Hidden Life

Patty Osborne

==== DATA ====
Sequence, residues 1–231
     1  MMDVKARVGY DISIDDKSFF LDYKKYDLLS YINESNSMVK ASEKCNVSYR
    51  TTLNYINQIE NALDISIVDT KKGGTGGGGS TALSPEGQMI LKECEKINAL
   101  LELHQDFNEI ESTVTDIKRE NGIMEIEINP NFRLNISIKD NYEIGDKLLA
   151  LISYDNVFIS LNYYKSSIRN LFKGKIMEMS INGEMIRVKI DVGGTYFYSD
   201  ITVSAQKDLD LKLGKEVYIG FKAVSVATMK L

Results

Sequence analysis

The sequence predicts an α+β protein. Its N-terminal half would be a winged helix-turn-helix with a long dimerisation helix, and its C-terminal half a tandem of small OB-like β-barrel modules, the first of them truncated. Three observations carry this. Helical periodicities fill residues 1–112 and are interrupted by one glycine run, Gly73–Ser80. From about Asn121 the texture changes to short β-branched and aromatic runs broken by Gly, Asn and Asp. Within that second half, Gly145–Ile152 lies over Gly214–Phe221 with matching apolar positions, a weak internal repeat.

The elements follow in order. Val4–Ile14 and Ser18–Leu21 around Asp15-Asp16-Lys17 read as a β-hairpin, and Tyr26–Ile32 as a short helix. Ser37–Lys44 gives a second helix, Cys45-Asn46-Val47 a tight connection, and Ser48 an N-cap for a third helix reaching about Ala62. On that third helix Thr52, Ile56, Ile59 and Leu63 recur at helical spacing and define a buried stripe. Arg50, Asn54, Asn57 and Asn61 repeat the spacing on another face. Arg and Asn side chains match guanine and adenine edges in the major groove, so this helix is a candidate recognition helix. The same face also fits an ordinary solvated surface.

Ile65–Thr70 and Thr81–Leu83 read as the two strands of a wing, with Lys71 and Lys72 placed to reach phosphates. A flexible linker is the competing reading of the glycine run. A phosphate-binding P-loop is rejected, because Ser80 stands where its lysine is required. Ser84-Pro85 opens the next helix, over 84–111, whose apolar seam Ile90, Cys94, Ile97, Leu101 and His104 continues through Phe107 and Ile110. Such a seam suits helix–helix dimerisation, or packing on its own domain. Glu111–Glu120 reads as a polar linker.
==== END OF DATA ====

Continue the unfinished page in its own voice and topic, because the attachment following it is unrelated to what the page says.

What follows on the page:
Ever since I read Double Duty: Sketches and Diaries of Molly Lamb Bobak, Canadian War Artist way back in 1992, I’ve been a fan, so when I heard an interview with Bobak’s daughter about a book that was “an homage” to her mother, I couldn’t wait to read it. Last Dance in Shediac by Anny Scoones (TouchWood) is more mysterious than I expected. The story rambles around and spends most of its time describing the Atlantic (Bobak lived in Fredericton), Vancouver Island (where Scoones lives), the pets in both locations, the airports in between and Scoones’s farm outside Victoria. The things that Scoones and her mother had in common were their love of animals, vermouth, road trips and hilarity, but this is all on the surface: we learn little about Bobak other than what we can glean from described interactions between Bobak and her (apparently) grouchy husband, the artist Bruno Bobak. Scoones seems to have spent much of her childhood alone—she writes that she built “comforting walls” around her emotions and that for her parents to be fulfilled as artists they had to be “more than just paternal or maternal”—but this is as reflective as the writing gets. Near the end of the book, Scoones describes leaving home as soon as she could after high school and surmises that “It must have been strange for them to see their second child leaving home.” “What!?” I said out loud. “There was another child in that family? And this is the first time he or she gets a mention?” I rushed off to Google, where I discovered that Scoones has a brother living in Fredericton, not a large enough city for me to believe that he never ran into his sister. It’s obvious that this family has a lot more going on below the surface than Scoones is prepared to reveal, but rather than disappointing me, it made me read and reread the book more closely, as I savoured whatever tiny glimpses I could get of anything that would help fill in the picture of Molly Lamb Bobak’s inner life.

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